9) Oleydong Sithamerchai (Minimumweight) – He’s fought better than the usual opponents faced by Thais at his level and he moves up one spot with the departure of Terdsak Jandaeng. He lacks the punch and is in the wrong division to become a superstar. He’ll need to defeat a name opponent to convince me.

10) Saenghiran Lookbanyai / Napapol Kittisakchokchai (Super Bantamweight) – These two square-off in early March, supposedly to see who deserves a shot at Israel Vasquez. Kittisakchokchai has the edge in experience but some feel Lookbanyai has the edge in heart and is the favorite.

Neither has defeated a top twenty fighter and yet are ranked number one and two respectively in the WBC’s world.

In Kittisakchokchoi’s lone shot at the big-time, he was TKO’d in 10 by Oscar Larios. His dreadful performance against Larios and lack of quality opposition leads me to believe Saenghiran might have more of a shot at beating him than some suspect. Regardless, neither of them lasts longer than six rounds with Israel Vasquez.

Honorable Mention: Wethya Sakmuangklang, Denkaosan Kaovichit, Devid Lookmahanak, Nethra Sasiprapa, Chonlatarn Piriyapinyo, Pornsawan Kratingdaenggym

Thai Fighters Ranked in Ring Magazine

Pongsaklek Wonjongkam: #1 Flyweight
Pramuansak Phosuwan: #10 Jr. Bantamweight
Veeraphol Sahaprom: #3 Bantamweight
Ratanachai Sor Vorapin: #6 Bantamweight
Poonsawat Kratingdaenggym: #10 Bantamweight
Somsak Sithchatchawal: #3 Jr. Featherweight
Yodsanan Sor Nanthachai: #9 Lightweight

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Articles of 2006

Iceman Stops Tito Ortiz Win Streak

David A. Avila



LAS VEGAS—UFC light heavyweight champion Chuck “Iceman” Liddell’s fists proved too much for Huntington Beach’s Tito Ortiz who was stopped in the third round before a sold out crowd at the MGM Garden Arena on Saturday.

The punching machine Liddell (20-3, 13 KOs) repeated his victory in UFC 66 over the much-improved grappler Ortiz who has improved his punching and blocking. Ortiz was trying to avenge his loss of April 2004.

Despite all the new weapons displayed by Ortiz it wasn’t enough as Liddell pummeled the former champion and retained his title with a technical knockout at 3:59 of the third round. Referee Mario Yamasaki stopped the bout.

“This was the most satisfying victory of my career,” said Liddell, 36, of Santa Barbara. “Tito came back real tough.”

Ortiz (15-5, 8 KOs), a former wrestler, worked on his boxing technique knowing he would need it against the former boxer Liddell. But Liddell’s experience allowed him to find the right moment to pounce on Ortiz.

“I had him hurt, I just kept throwing punches,” said Liddell who also knocked down Ortiz in the first round with a left hook.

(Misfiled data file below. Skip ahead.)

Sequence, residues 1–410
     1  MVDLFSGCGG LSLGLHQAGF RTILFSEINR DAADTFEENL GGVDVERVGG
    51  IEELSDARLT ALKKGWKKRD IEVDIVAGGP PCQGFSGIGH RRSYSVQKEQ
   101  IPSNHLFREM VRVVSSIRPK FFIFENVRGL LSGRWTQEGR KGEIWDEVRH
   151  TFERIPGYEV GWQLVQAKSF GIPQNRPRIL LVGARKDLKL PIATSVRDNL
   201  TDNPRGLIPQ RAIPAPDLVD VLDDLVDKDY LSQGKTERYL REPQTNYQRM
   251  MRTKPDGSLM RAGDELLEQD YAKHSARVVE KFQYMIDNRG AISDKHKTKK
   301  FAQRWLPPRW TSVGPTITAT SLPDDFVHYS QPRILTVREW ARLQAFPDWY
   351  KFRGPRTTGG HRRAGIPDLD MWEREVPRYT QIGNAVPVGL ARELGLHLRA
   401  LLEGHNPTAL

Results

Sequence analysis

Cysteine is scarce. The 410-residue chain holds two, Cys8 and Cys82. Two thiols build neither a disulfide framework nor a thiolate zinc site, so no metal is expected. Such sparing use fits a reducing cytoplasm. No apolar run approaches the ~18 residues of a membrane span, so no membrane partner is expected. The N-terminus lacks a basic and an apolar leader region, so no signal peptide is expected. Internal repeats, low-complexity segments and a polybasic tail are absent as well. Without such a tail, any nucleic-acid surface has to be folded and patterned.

Ortiz was gracious in defeat.

“Chuck is the best fighter Pound for Pound in the (mixed martial arts) world,” said Ortiz, 31, who suffered a gash on the side of his left eye from a punch. “I’m disgusted by myself. I let my fans down.”

Other bouts

Underdog Keith Jardine (12-3-1) knocked out Forrest Griffin (13-4) at 4:41 of the first round in their light heavyweight showdown. A right uppercut followed by a left hook wobbled Griffin who was sent to the floor by a barrage of punches. On the ground Jardine landed right after right until referee John McCarthy stopped the fight for a technical knockout.

“I couldn’t believe he was hurt,” said Jardine about Griffin who is known for his resiliency. “I was so nervous coming into this fight, but now I know I belong here.”

Canada’s Jason McDonald (18-7) choked out Chris Leben (15-3) in a middleweight bout that was up for grabs. Though Leben seemed to control the fight with stunning left hands, once the fight went to the ground McDonald managed a chokehold at 4:03 of the second round. Referee Steve Mazagatti saw Leben was unconscious and stopped the fight.

Former UFC heavyweight champion Andrei Arlovski (12-5) caught Brazil’s Mario Cruz (2-2) with a sneak right hand while both were tangled on the ground. Then the Belarusian pummeled Cruz until referee Herb Dean stopped the fight at 3:15 of the first round.

Third season winner of the Ultimate Fighter television reality season Michael Bisping (12-0) of Great Britain won by technical knockout over Eric Shafer (9-2-2) at 4:29 of the first round. A knee knocked Shafer groggy then Bisping knocked him to the ground and pounded him. Referee Mario Yamasaki stopped the bludgeoning.

Thiago Alves (16-4) caught Peru’s Tony De Souza (15-5) with a knee as he attempted to dive for his legs in a welterweight contest. After that it was pretty much over as Alves pummeled De Souza at 1:10 of the second round forcing referee John McCarthy to halt the bout.

Gabriel Gonzago (7-1) proved too strong for Carmelo Marrero (6-1) in a heavyweight bout. At 3:22 of the first round Gonzago of Massachusetts manipulated his way into arm bar forcing Pennsylvania’s Marrero to tap out.

Japan’s Yushin Okami (19-3) pounded Georgia’s Rory Singer (11-6) into submission at 4:03 of the third round of a middleweight bout. Okami seemed the more-rounded fighter with effective kicks to the head and more accurate punching.

Christian Wellisch (8-2) jumped to a quick start with an accurate left hook that rattled Australia’s Anthony Perosh (5-3) in a heavyweight bout. During the first round it seemed the Sacramento fighter might end the fight but the Aussie hung tough. Wellisch won by unanimous decision.